Wednesday, January 21, 2009
Does Personality Affect Dementia?
A new study published in Neurology suggests that the risk of developing dementia might be influenced by a person's underlying personality. People who are active, social and calm may stay mentally sharp longer than people who don't have those traits.
The Researchers from Karolinska Institute in Stockholm, Sweden used a questionnaire to determine personality traits in 506 healthy older subjects. The participants were followed for 6 years and were asked about how they spent their leisure time, the richness of their social network and how optimistic they were and how they handled stress and isolation.
They found that people who were not socially active, but were calm and relaxed were 50% less likely to develop dementia than those who were isolated and distressed. People who were extroverts (social), active, optimistic and calm had the best outcomes and lowest dementia of all.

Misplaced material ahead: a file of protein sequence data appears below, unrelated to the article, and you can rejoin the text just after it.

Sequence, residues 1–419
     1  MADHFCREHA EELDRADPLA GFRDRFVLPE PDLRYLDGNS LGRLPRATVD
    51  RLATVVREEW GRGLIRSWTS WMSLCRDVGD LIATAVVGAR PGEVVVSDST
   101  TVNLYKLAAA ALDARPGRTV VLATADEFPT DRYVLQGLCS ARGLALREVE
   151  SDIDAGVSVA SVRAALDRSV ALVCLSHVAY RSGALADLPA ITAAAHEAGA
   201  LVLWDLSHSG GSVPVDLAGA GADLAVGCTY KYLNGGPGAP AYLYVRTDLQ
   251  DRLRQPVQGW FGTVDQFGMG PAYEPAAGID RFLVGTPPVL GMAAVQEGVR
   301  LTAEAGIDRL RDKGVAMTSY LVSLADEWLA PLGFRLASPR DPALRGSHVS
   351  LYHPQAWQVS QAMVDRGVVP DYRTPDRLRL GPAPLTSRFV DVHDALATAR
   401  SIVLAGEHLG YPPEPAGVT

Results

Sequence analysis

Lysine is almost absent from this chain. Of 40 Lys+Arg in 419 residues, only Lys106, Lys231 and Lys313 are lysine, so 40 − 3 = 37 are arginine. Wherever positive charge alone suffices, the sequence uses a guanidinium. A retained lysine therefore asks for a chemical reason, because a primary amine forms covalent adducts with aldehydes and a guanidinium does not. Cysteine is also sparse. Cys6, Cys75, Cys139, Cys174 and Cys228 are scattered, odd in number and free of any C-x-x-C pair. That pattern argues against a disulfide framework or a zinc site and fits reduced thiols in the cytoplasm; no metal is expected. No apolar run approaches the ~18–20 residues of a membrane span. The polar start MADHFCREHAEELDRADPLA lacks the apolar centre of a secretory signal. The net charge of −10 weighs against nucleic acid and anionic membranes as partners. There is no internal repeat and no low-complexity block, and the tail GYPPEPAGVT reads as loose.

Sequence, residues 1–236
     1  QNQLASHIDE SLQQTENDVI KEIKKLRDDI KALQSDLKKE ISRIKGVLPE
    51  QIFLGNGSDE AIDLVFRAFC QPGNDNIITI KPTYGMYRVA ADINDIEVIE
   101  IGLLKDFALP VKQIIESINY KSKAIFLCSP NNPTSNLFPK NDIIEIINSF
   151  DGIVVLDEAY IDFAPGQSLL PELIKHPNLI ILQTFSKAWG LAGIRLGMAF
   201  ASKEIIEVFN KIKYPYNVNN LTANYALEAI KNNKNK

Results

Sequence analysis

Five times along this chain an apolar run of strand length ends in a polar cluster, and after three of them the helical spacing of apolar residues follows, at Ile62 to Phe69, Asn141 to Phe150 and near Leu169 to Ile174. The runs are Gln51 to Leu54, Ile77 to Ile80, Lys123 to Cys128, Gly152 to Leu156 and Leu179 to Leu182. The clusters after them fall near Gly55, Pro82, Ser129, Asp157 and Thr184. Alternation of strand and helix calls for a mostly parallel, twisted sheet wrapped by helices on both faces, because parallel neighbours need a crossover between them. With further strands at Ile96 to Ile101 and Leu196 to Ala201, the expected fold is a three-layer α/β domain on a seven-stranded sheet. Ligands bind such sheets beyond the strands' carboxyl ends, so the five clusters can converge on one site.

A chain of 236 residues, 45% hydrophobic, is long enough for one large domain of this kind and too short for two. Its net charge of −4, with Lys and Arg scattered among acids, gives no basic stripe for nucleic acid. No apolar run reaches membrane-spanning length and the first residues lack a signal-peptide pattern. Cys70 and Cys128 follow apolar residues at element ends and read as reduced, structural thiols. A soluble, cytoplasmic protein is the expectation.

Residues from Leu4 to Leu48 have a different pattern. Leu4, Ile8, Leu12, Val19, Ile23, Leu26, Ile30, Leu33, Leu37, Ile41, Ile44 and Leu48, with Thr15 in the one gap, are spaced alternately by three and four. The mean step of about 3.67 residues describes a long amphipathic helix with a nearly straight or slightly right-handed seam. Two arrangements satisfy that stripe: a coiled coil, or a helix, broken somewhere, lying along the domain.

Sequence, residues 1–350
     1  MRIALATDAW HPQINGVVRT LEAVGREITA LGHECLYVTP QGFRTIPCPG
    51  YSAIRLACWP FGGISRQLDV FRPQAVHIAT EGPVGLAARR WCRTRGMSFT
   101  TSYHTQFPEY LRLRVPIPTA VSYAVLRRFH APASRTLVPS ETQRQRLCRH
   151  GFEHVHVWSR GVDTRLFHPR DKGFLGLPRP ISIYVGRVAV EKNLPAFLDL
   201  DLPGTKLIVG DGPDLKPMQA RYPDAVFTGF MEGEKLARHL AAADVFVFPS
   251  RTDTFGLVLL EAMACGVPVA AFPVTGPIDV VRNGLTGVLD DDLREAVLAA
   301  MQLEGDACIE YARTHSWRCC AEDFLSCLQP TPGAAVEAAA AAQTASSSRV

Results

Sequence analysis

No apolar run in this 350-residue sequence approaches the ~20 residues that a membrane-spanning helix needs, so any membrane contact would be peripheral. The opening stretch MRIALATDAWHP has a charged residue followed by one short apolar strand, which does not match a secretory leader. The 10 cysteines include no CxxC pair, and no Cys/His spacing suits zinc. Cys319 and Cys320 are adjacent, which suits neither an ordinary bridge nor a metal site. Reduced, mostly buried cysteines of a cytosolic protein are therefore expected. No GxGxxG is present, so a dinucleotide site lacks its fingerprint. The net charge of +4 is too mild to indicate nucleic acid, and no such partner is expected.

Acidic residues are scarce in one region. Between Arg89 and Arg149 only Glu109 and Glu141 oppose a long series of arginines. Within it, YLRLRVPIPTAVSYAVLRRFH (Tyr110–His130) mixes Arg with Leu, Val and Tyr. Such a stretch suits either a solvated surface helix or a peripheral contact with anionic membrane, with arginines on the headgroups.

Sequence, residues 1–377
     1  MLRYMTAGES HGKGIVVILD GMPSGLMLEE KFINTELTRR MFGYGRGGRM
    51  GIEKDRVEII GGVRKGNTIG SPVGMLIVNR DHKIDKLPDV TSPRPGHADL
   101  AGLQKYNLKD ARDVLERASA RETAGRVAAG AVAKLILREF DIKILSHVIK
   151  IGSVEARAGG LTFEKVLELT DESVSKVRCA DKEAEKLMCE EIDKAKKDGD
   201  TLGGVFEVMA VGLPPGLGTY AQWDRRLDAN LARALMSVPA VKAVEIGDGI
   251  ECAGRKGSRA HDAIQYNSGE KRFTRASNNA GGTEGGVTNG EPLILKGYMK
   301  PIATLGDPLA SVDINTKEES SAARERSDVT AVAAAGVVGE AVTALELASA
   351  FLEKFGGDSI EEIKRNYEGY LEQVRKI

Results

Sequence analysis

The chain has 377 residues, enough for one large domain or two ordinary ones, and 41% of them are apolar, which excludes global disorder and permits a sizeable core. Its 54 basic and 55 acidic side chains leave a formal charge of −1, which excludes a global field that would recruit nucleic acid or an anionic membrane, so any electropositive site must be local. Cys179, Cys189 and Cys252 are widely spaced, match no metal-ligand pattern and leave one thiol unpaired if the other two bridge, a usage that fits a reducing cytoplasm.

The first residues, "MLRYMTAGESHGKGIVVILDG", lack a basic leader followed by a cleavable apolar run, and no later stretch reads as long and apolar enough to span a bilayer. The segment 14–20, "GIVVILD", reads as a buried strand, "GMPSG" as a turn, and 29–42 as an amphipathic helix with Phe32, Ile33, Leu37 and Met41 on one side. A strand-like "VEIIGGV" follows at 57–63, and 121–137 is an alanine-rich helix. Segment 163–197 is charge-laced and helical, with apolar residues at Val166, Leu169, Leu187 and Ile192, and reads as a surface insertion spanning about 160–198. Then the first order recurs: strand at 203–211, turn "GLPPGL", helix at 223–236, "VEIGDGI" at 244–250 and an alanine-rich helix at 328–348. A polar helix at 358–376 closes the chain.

So what is the take home message here? If you are naturally neurotic and anxious, making sure you have an active, social life might buffer the effects and help protect your brain. If you are naturally a loner...try to be calm and optimistic about life. It seems the best way to age gracefully is to be social, active, stress-free and calm.
At least that is true if you live in Sweden.
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